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Let $A$ and $B$ be square matrices of same dimension. I considered $n$-by-$n$ block matrices of the form

\begin{align*} \begin{pmatrix} A & & \\ & \ddots & \\ & & A \end{pmatrix} + \begin{pmatrix} B & \dots & B \\ \vdots & \ddots & \vdots \\ B & \dots & B \end{pmatrix}. \end{align*}

I got somehow pointed into the direction that this block matrix is similar to a block triangular matrix with diagonal entries $A + nB$ one time and $A+B$ ($n-1$-times).

But I could not figure out an easy way to see this. Any help is greatly appreciated. Thanks.

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    $\begingroup$ Presumably you meant $A$ ($n-1$) times? $\endgroup$ – copper.hat May 28 '15 at 17:39
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Let $I$ denote the identity matrix and $x = (1,\dots,1)^T$. Let $\otimes$ denote the Kronecker product. This matrix can be written in the form $$ I \otimes A + (xx^T) \otimes B $$ We note that there is an orthogonal matrix $U$ such that $U(xx^T)U^T = nE_{11}$, where $$ E_{11} = \pmatrix{1&0&\cdots\\0&0\\\vdots&&\ddots} $$

It follows that

$$ (U \otimes I)(I \otimes A + (xx^T) \otimes B)(U \otimes I)^T =\\ I \otimes A + (U(xx^T)U^T) \otimes B =\\ I \otimes A + n E_{11} \otimes B =\\ \pmatrix{ A+nB\\ &A\\ &&\ddots\\ &&&A } $$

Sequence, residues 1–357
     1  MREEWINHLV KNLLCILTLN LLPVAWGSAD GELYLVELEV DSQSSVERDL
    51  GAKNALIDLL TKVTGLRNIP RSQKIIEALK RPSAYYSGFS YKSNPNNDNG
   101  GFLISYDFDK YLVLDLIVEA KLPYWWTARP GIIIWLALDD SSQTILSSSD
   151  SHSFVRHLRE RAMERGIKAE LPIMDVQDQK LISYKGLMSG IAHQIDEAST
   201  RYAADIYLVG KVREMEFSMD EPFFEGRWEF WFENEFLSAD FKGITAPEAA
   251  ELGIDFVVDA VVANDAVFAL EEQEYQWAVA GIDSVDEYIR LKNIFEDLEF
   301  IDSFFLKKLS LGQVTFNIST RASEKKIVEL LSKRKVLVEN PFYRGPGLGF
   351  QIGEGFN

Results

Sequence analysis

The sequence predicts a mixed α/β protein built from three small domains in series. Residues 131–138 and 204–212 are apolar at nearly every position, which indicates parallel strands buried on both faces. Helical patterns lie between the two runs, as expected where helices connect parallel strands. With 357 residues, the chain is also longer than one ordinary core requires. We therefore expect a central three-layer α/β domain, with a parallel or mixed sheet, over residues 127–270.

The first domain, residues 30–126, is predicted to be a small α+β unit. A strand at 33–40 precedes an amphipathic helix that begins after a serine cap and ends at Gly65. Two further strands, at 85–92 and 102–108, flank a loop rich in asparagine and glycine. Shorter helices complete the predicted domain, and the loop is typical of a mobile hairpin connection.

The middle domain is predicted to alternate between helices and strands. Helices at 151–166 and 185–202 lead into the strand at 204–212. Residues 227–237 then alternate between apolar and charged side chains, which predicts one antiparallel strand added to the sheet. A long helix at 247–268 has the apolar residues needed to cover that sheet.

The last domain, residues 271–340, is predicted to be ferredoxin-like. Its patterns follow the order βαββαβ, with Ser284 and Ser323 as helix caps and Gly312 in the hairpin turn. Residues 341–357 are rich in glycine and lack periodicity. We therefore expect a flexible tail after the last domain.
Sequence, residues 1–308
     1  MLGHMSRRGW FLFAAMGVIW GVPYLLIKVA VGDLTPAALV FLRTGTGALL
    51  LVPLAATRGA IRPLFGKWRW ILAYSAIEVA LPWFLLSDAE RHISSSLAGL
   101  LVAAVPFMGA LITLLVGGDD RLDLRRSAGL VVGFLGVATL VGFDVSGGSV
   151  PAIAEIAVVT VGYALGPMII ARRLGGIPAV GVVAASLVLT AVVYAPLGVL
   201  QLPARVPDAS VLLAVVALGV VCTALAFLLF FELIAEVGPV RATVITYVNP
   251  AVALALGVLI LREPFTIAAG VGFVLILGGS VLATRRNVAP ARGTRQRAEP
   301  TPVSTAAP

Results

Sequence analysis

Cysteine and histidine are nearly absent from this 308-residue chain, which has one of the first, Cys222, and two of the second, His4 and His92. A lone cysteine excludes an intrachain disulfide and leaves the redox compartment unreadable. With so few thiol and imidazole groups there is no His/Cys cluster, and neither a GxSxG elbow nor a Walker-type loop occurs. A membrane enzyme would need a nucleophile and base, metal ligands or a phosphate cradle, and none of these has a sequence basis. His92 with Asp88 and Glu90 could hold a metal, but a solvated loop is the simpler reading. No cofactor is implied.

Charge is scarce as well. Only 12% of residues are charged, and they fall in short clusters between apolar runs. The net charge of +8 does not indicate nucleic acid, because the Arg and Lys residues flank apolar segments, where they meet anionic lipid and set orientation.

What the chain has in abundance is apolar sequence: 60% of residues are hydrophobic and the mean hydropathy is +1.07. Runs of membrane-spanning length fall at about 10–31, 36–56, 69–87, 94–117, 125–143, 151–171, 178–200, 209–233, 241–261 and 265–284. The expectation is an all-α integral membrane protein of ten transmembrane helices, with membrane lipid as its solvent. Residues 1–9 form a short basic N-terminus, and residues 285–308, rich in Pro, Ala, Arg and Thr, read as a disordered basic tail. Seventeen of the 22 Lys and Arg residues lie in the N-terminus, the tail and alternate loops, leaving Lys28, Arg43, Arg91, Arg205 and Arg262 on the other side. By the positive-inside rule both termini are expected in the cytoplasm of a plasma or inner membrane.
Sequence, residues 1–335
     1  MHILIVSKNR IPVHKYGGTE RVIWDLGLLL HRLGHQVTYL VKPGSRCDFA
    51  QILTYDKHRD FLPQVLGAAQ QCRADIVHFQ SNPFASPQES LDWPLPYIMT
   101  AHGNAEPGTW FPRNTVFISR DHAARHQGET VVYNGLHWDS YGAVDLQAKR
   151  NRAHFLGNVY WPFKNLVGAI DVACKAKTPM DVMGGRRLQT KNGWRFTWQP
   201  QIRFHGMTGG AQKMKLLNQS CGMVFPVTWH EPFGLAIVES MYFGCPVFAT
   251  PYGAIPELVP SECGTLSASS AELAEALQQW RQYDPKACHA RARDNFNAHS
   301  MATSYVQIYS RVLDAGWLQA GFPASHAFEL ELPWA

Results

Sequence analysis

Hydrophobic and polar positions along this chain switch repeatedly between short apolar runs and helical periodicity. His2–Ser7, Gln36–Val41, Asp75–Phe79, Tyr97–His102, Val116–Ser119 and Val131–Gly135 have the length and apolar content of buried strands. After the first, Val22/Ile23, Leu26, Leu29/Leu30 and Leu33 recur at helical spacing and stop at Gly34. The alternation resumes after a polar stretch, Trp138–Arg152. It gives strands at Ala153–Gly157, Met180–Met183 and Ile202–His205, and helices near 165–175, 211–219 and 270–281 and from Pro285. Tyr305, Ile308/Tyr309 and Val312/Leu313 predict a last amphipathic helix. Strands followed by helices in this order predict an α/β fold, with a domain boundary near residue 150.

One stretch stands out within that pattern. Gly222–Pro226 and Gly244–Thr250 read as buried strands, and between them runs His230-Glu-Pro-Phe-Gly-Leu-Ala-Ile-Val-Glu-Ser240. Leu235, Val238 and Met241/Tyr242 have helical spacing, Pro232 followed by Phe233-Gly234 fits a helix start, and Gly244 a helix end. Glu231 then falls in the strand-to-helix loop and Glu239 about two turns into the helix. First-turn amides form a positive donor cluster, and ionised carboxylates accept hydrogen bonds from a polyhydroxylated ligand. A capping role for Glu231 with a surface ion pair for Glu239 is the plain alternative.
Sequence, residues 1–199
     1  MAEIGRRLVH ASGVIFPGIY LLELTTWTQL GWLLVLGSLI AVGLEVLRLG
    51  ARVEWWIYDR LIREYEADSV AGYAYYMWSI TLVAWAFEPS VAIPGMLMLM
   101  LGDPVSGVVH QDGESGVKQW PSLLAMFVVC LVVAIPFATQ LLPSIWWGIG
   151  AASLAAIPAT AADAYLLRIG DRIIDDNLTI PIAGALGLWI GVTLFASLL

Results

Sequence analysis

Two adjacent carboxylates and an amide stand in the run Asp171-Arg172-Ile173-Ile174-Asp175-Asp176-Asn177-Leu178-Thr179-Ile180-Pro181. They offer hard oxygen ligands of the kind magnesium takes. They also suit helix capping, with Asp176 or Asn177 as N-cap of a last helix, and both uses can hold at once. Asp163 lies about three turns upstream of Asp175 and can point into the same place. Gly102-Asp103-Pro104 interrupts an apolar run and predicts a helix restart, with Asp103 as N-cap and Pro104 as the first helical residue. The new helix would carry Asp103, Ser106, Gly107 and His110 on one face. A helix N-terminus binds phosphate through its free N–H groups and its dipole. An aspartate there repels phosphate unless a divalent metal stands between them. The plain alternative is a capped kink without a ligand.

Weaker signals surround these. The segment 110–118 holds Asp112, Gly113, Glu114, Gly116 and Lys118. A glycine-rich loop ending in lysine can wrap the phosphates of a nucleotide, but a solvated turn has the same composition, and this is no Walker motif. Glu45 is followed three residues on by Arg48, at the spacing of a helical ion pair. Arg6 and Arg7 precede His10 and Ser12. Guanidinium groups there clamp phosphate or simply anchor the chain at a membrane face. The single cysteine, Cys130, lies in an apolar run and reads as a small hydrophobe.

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    $\begingroup$ One possibility for $U$ of dimension $m\times m$ would be $$\begin{pmatrix}1/\sqrt m & 1/\sqrt 2 & 1/\sqrt 6 & 1/\sqrt{12} & \cdots & 1/\sqrt{m(m-1)} \\ 1/\sqrt m & -1/\sqrt 2 & 1/\sqrt 6 & 1/\sqrt{12} & \cdots & 1/\sqrt{m(m-1)} \\ 1/\sqrt m & 0 & -2/\sqrt 6 & 1/\sqrt{12} & \cdots & 1/\sqrt{m(m-1)} \\ 1/\sqrt m & 0 & 0 & -3/\sqrt{12} & & 1/\sqrt{m(m-1)} \\ \vdots & \vdots & \vdots & \vdots & \ddots & \vdots \\ 1/\sqrt m & 0 & 0 & 0 & \cdots & -(m-1)\sqrt{m(m-1)} \end{pmatrix} $$ $\endgroup$ – Henning Makholm May 28 '15 at 17:54
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    $\begingroup$ For some reason, I always find the Kronecker product a little intimidating. Perhaps a throw back from the days of 8kb computers :-). $\endgroup$ – copper.hat May 29 '15 at 4:13

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